Hypostasis means a person.  Hebrews 1:3 says that Jesus was “the exact representation of his being (hypostasis).  Another word which was used during the controversies about the nature of the Son of God and how he related to the Father (and eventually how the Holy Spirit related to the other two) was prosopon (or person, face).  The three members of the Trinity are separate persons. However, they share one essence (ousia, substance or essence). In a way we cannot quite explain, we know that we must affirm that there are three separate, distinct members of the Godhead, the Trinity.  At the same time, we must affirm that the Godhead is unified.  The three persons exist in one essence (ousia). They are consubstantial or to use the Greek term, ὁμοουσιος (homoousios).  This term was of great importance and Athanasius used it against Arius who held Christ was “like” (ὁμιοουσιος, homioousios) the Father, not equal to the Father.  The difference one iota makes (one lower case i).
But what does this have to do with epistemic realism?  Once again, I repeat that if we cannot know anything outside of our consciousness, if we cannot know something truly about extramental entities, then this discussion is just an exercise in some sort of Wittgensteinian “language game.”  It is a headache for first year theology students and nothing more, a seemingly inextricable puzzle.
When I was researching for my doctoral dissertation I ran across a debate about how many members of the Godhead there were and a whole firestorm of angry exchange over that question.  I was studying the philosophy of a Russian religious philosopher named Nikolai Onufievich Losskii.  Losskii (or Lossky as he is known in English translation) was the father of Vladimir Nikolaievich Lossky. V.N. Lossky was a well-known Russian Orthodox theologian in the early 20th century.  Vladimir Lossky was asked by the Russsian Patriarch in exile, Sergei, who was in Sremski Karlovci, Yugoslavia at the time, to evaluate the theology of another Russian Orthodox theologian, Sergei Bulgakov.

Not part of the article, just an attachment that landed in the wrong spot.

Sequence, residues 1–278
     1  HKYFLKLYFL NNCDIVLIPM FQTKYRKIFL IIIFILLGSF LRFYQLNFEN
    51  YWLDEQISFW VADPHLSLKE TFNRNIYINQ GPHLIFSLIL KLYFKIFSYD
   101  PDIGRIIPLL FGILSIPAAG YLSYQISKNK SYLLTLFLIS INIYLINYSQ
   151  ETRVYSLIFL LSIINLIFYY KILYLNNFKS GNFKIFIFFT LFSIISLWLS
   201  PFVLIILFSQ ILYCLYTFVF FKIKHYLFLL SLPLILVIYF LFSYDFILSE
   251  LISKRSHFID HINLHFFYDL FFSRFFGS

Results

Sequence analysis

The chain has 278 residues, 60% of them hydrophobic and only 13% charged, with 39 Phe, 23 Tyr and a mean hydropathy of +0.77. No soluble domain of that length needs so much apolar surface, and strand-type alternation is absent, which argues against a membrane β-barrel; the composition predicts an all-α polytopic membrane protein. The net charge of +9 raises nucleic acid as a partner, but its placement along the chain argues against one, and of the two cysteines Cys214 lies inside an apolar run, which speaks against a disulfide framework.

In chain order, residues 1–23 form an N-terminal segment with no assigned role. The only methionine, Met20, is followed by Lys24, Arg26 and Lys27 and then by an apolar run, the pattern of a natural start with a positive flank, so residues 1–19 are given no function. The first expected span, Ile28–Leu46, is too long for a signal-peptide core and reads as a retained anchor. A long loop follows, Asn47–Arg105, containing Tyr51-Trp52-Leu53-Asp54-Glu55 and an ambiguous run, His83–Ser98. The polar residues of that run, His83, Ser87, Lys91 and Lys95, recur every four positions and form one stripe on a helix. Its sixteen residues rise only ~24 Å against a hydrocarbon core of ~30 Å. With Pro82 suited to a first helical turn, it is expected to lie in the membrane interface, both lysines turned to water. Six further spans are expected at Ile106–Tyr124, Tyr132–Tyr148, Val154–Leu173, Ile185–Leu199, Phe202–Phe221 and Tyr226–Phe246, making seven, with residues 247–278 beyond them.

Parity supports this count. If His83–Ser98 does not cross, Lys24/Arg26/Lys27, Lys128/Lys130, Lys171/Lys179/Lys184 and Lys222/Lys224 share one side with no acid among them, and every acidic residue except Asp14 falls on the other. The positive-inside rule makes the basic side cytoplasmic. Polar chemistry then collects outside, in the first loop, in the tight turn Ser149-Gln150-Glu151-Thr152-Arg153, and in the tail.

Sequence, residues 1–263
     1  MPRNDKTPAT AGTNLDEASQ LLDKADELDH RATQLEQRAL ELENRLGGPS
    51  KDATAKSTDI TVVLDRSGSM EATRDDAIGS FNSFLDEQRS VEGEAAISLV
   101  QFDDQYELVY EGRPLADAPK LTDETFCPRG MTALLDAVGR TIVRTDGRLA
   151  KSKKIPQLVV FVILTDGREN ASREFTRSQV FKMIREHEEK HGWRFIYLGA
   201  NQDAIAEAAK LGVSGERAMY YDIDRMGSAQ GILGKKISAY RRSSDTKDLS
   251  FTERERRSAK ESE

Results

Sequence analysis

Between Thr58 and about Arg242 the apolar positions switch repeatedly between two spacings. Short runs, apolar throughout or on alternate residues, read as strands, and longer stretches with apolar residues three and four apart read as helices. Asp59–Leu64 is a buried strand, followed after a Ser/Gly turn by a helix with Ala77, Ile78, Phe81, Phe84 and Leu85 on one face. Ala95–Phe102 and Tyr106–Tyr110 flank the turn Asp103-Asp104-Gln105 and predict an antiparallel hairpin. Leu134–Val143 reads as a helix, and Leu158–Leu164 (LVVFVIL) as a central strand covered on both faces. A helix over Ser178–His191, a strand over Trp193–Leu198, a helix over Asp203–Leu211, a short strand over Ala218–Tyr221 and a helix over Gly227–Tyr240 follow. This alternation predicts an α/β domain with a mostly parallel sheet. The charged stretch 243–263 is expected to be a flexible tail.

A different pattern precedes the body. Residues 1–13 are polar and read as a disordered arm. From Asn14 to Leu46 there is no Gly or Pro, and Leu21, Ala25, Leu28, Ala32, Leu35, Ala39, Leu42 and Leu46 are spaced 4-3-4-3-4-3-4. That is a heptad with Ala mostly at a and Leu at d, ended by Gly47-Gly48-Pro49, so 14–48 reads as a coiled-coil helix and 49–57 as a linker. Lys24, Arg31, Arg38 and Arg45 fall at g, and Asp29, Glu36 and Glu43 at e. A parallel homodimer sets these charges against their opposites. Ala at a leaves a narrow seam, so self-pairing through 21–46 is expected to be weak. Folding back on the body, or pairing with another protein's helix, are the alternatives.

It may help to know that these Russian Orthodox thinkers and others were allowed to leave Russia after the Communists took control.  In 1922 two boatloads of Russian Orthodox intellectuals left Russia. Some settled in Paris. Others settled in Berlin. Nicholas O. Lossky settled in Prague, Czechoslovakia, where he was given a residence visa and a salary by Thomas Masaryck, who was the President of Czechoslovakia.  Vladimir Nicholaevich Lossky settled in Paris along with Bulgakov and others.
When Vladimir N. Lossky evaluated Bulgakov’s theological conceptions, he noted one conception, which he considered unorthodox or heretical.  Vladimir Lossky had not intended to say that all Bulgakov said and wrote was heretical, but this one conception particularly. 
Bulgakov, like other Russian Orthodox thinkers, had accepted the view that there was an Eternal Feminine, Sophia.  Sophia was variously interpreted by Russian thinkers of the day.  Sophia was earlier popularized by Vladimir Sergeyevich Solovyov.  Many of the Russian thinkers of the Silver Age of Russian Religious Philosophy drew heavily from Solovyov and his constructions.
Solovyov was a thinker who combined many seemingly disparate elements. As with many Russian thinkers he privileged intuition or direct perception.  His views on Sophia or the Eternal Feminine were a result of three different appearances by Sophia to him.  He worked Sophia into his philosophy using her as a binding element.
Sophiology, as the movement became known, was quite a novel development in the philosophical world.  For some Russian thinkers Sophia was the world soul, similar to Plato’s view.  For others she was the Virgin Mary.  For some she be//came so important that they saw her as a metaphysical bridge between the world and the Godhead.
This idea became so important that some decided Sophia (Greek feminine noun ending in -a) was the ousia (feminine noun ending in -a), the essence, of the Godhead.  Perhaps it might have been thought only odd and heterodox, except that Pavel Florensky, a Russian Orthodox priest and a follower of Solovyov, went so far as to call Sophia a “fourth hypostasis of the Godhead.”[6]  There has been much debate about whether Florensky actually said this or what he really meant.  However, that was too far for orthodox Orthodox theologians.
Bulgakov was a follower of Florensky.  He accepted this view of Sophia as the ousia of the Godhead.  In trying to explain the metaphysical bridge between the Godhead and the world, he held Sophia to be that bridge. As he tried to explain his view he called it “panentheism.”[7]